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Summary: The fall of Solomon shows us the danger of small compromises in our own lives

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How it all went wrong

1 Kings 11:1-11

It had all started so well. The young king was a good king. After the death of his father the Lord had appeared to him and told him that he could have anything he wanted. He did not choose wealth, or fame, or power, or military success, instead he choose wisdom, wisdom to rule his people, God’s people. God granted him this and his name became a byword for wisdom and understanding, ‘the wisdom of Solomon’ is proverbial to this day. Rulers from all over the Mediterranean world were drawn to his court because of his legendary wisdom. It was going so well. No problems could be seen.

He soon set himself to the task of building the Lord’s temple. The Lord had given him the task of building his worship house, the house of prayer for all nations. The visual representation of God on earth. All the best materials were given to building a house to glorify the name of the Lord. Nothing was held back. A magnificent structure arose, reminding everyone who saw it of the great God who had rescued his people from Egypt and had chosen the people of Israel to be his nation, to bring his light into the world. What wonderful days. What a great king.

The Lord then appeared to him again with the wonderful promise that if his faithfulness and obedience continued, his family would be kings forever. That Israel would be securely established for eternity. He was set to be the greatest king in Israel’s history.

He asked for wisdom. God gave him this, but he also gave him what he did not ask for. He gave him wealth, power, fame. He became so rich that to him silver was just an ordinary metal, not precious at all. He had it all. Everything a man could want, and no worries. He had huge responsibilities of ruling, but his wisdom took away the stress of decision-making. His people were contented and adored him. A truly wonderful king.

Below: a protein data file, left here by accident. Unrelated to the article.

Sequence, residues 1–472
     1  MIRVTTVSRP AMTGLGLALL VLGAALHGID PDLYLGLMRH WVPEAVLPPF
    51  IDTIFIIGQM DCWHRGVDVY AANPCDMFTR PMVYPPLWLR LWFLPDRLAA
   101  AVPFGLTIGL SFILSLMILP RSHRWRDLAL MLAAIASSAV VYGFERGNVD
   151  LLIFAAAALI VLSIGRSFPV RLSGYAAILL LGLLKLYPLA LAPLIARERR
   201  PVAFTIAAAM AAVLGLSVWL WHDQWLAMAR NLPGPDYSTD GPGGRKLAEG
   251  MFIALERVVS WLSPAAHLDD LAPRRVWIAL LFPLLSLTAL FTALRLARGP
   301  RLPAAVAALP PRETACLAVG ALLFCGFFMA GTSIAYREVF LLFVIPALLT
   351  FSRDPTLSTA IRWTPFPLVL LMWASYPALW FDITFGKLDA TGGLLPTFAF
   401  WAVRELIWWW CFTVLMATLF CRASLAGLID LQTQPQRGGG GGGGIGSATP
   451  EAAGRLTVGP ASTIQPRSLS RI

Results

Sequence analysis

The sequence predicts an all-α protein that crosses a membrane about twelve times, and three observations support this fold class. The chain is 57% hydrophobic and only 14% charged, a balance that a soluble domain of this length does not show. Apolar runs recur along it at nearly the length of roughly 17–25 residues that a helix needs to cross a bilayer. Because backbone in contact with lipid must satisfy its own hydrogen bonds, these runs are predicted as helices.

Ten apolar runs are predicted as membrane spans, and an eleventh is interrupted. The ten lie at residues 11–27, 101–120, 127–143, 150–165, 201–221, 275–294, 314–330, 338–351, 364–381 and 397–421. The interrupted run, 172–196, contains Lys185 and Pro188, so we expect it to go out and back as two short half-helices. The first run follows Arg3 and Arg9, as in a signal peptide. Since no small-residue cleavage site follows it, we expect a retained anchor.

The Lord had appeared to him twice, that is twice more than he did to his great father, David. David had had to be content with the Lord speaking to him through prophecy. Solomon had actually seen his glory twice. He was going to be it, the greatest king the world had ever, or would ever, see.

He had so many strengths and gifts. He was a great poet, philosopher, biologist, botanist, ruler. All this in just one man.

But he had one weakness. One little weakness in the midst of all these strengths. But it was to be his undoing.

It started small, like many disasters. He married an Egyptian princess, that was OK, she gave up her idols and false gods, and worshiped the true God, the God of Israel. But then he decided that he wanted more than one wife. So he took a second wife. Then he decided that he wanted someone else, so he took a third. Then he wanted a harem, like the kings of the surrounding nations.

He started to make alliances with other kings, and married their daughters, he took concubines from other nations, forgetting that Israel was God’s special people, set apart to worship him alone. Some of these women worshipped the Lord, but others stuck to their own religions and their idols. The king of Israel should not have allowed this. He had no right to allow the Promised Land to be polluted by false worship. But he did not want to upset his wives, so he turned a blind eye to it. But one compromise led to another. He then allowed them to worship openly. Why make his wives hide away what they were doing? Surely it was better to be open? The next compromise was to facilitate their worship. For them to be really happy they had to be able to sacrifice, they needed priests and ceremonial robes, he was rich, he could afford it, after all, they were openly worshipping. Then he built them temples and idols. It was not as if he would worship them himself or make anybody else. Next he started to take part in their rites and rituals. What did it matter? He was still sacrificing to the Lord! Next he was worshipping alongside them. What did it matter? All religions were basically the same, weren’t they?


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